400 years after being extripated from the UK landscape, beavers are finally making a comeback. Across the country, researchers are building up an evidence base for how these ecosystem enginers will interact with our extensively modified landscapes. The University of Exeter has been at the forefront of these efforts in England, with work led by Richard Brazier and Alan Puttock.
I’ve contributed in a small way by conducting aerial surveys that enabled us to quantify the extents of beaver-impacts across different reintroduction sites. Exciting findings have been the ability of beaver dam networks to mitigate flood risk by attenuating peak flows, and the huge biodiversity benefits of the mosaic landscapes that beavers help to create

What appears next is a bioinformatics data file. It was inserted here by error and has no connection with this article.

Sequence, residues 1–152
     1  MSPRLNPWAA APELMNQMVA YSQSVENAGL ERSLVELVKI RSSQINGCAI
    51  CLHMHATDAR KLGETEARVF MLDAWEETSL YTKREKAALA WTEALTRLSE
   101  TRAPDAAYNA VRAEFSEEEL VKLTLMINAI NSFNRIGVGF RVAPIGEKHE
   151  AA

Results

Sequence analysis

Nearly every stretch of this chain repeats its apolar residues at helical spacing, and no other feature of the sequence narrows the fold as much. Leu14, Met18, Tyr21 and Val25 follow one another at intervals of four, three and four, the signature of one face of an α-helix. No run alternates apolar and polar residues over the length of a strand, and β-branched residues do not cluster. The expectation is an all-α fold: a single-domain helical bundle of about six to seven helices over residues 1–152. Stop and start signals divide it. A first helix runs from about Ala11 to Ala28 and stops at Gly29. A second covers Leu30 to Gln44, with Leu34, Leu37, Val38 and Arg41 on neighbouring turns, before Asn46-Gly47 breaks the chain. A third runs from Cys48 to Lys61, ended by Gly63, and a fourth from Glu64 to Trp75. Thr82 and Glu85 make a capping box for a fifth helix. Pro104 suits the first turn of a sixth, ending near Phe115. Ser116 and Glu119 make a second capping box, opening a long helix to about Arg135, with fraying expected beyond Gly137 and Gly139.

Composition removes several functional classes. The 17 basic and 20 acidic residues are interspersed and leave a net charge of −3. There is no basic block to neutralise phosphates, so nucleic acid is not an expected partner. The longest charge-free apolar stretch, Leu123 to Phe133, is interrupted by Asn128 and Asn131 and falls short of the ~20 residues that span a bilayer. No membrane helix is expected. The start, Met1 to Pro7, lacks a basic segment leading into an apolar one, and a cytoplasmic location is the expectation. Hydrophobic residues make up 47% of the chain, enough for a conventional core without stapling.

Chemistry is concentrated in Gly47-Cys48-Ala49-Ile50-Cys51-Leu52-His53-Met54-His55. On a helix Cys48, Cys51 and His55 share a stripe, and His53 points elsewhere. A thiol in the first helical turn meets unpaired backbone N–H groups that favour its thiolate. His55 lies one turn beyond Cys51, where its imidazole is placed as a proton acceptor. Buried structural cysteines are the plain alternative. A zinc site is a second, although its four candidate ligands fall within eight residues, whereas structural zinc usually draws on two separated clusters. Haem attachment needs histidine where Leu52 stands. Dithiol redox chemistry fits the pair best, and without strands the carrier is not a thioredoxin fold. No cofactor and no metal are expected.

A blast from the past – many of the early surveys of beaver sites were undertaken with custom-built drones like this 3DR Y6. Quite a contrast from the modern consumer drones now available which make similar surveys much easier to conduct.
Puttock, A., H. Graham, A. Cunliffe, M. Elliott and R. Brazier (2017). Eurasian beaver activity increases water storage, attenuates flow and mitigates diffuse pollution from intensively-managed grasslands. Sci. Total Environ. 576:430-443. DOI:10.1016/j.scitotenv.2016.10.122. Download PDF
Puttock*, A., A. Cunliffe*, K. Anderson and R. Brazier (2015). Monitoring the impact of Eurasian beaver reintroduction on ecosystem structure using aerial photography collected from a multi-rotor drone. J. Unmanned Veh. Syst. 3(3):123-130. DOI:10.1139/juvs-2015-0005. Download PDF